So, like those ancient Jews, we will face our futures with certainty – the power of God is present not only in Zion, but with each one of us. We put our hope in the greatest ruler of all.
Hymn: Rejoice, the Lord is King! (Singing the Faith 335)
Reading: Matthew 22:15-22 (Phil Summers)
Jesus is asked an impossible question – should we pay taxes. If he answers yes, he’s siding with the brutality of the Roman occupation. If he says no, he’s encouraging unrest and revolt. His reply is not only clever, avoiding the pitfalls expected by the questioner, it draws attention back to God. If everything is from God and of God, then what we give to the Emperor, we actually give to God. I could stop there, because that’s the thrust of this reflection: all we have is from God, therefore everything we give is a response to God no matter who we give it to.
There is, of course, a highly political dimension to this and it echoes what John has talked about in his reflection from the Psalm, and that is, that we build up our notions of power and authority in leaders, but our true leader is the one who will never let us down. The one we should follow, put our trust in, put our ‘X’ in a box for, give our unwavering loyalty to, is God. Those of us who are members of political parties, who support particular leaders, who decry their opponents, we risk putting them on a pedestal and ignoring their imperfections. Because ultimately of course, they are flawed human beings. Jesus was talking into a context where to say such a thing about the Emperor was treasonous. The Emperor was ‘lord’, god-like in their perfection and any criticism was seen as insurrection.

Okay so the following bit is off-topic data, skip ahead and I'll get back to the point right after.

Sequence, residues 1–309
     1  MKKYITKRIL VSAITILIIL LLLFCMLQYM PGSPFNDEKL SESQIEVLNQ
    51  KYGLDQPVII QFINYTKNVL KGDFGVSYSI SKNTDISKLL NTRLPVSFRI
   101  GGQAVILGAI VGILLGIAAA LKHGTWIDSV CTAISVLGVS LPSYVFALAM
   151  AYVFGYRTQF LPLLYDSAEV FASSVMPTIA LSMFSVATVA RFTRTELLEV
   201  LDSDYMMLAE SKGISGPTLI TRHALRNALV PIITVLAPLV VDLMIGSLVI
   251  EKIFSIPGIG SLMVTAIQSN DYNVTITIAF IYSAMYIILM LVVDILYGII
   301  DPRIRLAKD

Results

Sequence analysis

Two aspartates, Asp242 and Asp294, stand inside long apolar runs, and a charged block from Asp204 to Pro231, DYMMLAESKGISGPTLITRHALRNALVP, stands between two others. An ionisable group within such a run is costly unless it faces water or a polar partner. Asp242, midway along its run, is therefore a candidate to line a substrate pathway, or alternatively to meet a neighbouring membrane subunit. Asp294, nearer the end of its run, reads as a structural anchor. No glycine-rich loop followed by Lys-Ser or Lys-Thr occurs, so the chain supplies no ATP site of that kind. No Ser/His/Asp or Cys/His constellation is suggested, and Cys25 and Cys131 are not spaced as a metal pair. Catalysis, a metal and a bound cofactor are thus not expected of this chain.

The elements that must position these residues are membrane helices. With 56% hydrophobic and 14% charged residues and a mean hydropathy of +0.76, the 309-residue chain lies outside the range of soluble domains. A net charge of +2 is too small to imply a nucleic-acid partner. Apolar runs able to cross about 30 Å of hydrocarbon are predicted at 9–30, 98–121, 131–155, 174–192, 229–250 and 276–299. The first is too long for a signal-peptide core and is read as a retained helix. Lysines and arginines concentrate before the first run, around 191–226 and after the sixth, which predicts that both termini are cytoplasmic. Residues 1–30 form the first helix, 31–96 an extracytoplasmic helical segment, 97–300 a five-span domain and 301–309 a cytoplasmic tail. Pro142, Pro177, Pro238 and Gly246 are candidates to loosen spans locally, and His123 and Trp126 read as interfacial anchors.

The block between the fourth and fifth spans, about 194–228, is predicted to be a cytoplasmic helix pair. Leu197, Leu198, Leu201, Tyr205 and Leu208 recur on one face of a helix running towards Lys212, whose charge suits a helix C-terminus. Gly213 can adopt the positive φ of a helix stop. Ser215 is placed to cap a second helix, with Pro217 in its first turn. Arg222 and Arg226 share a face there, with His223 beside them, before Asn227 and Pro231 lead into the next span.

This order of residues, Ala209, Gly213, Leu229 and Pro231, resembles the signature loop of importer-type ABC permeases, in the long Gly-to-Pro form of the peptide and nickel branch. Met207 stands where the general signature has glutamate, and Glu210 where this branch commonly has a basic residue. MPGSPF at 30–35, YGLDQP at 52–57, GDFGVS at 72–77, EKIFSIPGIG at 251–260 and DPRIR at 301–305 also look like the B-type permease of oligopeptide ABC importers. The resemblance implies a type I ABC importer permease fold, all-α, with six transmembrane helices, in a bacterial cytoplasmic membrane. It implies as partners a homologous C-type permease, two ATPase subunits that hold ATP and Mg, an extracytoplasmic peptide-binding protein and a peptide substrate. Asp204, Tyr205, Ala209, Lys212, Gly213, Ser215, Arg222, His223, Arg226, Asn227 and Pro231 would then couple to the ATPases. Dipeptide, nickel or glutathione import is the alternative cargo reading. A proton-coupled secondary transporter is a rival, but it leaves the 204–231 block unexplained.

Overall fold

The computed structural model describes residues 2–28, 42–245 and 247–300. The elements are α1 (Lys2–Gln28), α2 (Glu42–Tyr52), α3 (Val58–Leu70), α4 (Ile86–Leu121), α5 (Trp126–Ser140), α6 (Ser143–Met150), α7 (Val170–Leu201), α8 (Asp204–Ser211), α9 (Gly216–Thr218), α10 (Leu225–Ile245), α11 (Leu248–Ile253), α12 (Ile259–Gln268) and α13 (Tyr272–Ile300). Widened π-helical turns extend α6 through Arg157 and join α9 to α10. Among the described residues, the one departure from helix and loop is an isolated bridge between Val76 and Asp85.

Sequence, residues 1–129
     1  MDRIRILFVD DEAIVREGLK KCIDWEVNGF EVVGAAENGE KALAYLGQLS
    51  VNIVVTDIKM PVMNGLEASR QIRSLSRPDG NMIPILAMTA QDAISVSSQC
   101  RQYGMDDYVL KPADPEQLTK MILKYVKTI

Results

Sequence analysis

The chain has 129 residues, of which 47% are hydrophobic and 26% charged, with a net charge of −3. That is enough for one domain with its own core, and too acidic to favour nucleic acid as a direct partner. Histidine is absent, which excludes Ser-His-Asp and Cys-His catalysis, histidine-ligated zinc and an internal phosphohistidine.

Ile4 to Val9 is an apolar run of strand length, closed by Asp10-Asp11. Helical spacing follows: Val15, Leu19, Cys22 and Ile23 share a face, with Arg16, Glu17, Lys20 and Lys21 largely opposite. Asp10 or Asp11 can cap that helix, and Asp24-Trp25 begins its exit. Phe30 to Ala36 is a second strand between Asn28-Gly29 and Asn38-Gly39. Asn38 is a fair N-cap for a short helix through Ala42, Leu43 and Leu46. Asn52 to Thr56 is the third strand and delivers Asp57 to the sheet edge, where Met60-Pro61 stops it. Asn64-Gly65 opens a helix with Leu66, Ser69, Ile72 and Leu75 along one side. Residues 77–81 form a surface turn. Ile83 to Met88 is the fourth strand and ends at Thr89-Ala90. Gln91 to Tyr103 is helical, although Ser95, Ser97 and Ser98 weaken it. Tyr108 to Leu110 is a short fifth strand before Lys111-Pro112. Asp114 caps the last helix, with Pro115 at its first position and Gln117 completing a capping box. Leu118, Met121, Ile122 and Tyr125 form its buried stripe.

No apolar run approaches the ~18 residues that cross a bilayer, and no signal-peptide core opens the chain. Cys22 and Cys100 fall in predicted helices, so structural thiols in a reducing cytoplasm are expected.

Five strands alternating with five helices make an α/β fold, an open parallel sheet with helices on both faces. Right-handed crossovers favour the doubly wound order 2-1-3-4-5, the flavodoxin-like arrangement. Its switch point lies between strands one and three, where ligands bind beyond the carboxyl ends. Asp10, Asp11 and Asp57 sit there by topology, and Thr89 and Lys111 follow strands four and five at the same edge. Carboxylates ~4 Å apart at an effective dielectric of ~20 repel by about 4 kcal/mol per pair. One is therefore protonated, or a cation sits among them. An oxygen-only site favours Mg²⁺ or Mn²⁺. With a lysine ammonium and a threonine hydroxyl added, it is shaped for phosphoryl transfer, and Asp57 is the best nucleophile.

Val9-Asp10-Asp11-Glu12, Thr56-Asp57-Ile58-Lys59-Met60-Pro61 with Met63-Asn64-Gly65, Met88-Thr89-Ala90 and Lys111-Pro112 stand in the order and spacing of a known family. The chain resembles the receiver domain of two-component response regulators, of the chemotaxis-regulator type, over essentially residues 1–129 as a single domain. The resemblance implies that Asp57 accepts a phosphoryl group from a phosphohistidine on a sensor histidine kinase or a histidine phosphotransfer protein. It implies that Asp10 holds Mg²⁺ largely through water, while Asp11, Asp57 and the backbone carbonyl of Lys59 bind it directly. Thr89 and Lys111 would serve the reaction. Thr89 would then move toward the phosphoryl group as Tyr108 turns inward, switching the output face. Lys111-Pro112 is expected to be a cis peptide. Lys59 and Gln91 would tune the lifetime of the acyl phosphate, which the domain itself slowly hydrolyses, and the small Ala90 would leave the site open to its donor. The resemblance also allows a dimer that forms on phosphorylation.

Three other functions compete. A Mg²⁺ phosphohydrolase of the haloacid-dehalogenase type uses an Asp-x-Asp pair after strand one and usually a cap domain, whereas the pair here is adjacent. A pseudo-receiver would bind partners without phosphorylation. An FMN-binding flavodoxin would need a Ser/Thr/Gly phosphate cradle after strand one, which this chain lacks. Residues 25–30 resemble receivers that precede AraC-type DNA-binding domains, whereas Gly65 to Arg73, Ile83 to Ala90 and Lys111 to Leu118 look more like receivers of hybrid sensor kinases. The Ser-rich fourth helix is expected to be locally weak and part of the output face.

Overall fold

October 17th is the United Nations’ International Day for the Eradication of Poverty. Last week we learned that billionaires have seen their wealth increase on average by 27% between April and July 2020, at the height of the global pandemic. We have also learned that Donald Trump has paid a grand total of $750 in tax the year he entered the White House and paid no federal tax in 10 of the previous 15 years. Taxation may be seen as a civil issue and there are some people who endorse Mr Trump’s business acumen in avoiding taxation. But if we all ‘rendered to Caesar’ what was due then perhaps the global issue of poverty would not be so great. Church Action for Tax Justice is an ecumenical organisation which seeks to raise awareness throughout the Churches and faith communities of the fundamental relationship between taxation, equality and public service, and the urgent need for Tax Justice at national and international levels. Taxation, I would argue, is a spiritual matter, because how we spend our money, whether personally or collectively, speaks of our values, particularly about how we value the most vulnerable.
You may be thinking, this is another sermon with Rachel banging on about justice. Well I make no apologies for that, because when I open scripture I find it saturated with our requirement to ‘do justice’. If we think that our allegiance to God is a choice, we are making a false assumption. Accepting God’s authority is not a choice but a truth. It is not a question of loyalty, but a statement of reality. Rather than aspiring to be like those we admire, Jesus shows us that we are made in God’s image. Bearing that image means we can behave like God in our desire to see justice, to act with compassion. Everything we have comes from God; our life, our breath, our resources, our relationships. In acknowledging this fact it then becomes imperative we give all we have to God.